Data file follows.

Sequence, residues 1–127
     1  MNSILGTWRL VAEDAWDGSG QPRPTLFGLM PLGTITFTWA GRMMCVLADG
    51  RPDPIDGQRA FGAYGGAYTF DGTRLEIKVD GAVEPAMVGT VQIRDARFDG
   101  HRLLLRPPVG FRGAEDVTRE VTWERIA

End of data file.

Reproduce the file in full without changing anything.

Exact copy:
Sequence, residues 1–127
     1  MNSILGTWRL VAEDAWDGSG QPRPTLFGLM PLGTITFTWA GRMMCVLADG
    51  RPDPIDGQRA FGAYGGAYTF DGTRLEIKVD GAVEPAMVGT VQIRDARFDG
   101  HRLLLRPPVG FRGAEDVTRE VTWERIA